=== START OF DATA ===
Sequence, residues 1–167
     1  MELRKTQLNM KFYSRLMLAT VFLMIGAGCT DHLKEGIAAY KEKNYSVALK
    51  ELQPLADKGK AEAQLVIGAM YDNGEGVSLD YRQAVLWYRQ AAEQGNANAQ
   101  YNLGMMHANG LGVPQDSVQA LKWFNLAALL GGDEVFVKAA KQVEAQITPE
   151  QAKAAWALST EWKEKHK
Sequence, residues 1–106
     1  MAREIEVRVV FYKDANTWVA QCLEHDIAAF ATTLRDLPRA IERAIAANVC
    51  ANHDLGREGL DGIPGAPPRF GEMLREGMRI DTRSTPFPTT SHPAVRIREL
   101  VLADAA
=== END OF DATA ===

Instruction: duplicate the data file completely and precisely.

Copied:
Sequence, residues 1–167
     1  MELRKTQLNM KFYSRLMLAT VFLMIGAGCT DHLKEGIAAY KEKNYSVALK
    51  ELQPLADKGK AEAQLVIGAM YDNGEGVSLD YRQAVLWYRQ AAEQGNANAQ
   101  YNLGMMHANG LGVPQDSVQA LKWFNLAALL GGDEVFVKAA KQVEAQITPE
   151  QAKAAWALST EWKEKHK
Sequence, residues 1–106
     1  MAREIEVRVV FYKDANTWVA QCLEHDIAAF ATTLRDLPRA IERAIAANVC
    51  ANHDLGREGL DGIPGAPPRF GEMLREGMRI DTRSTPFPTT SHPAVRIREL
   101  VLADAA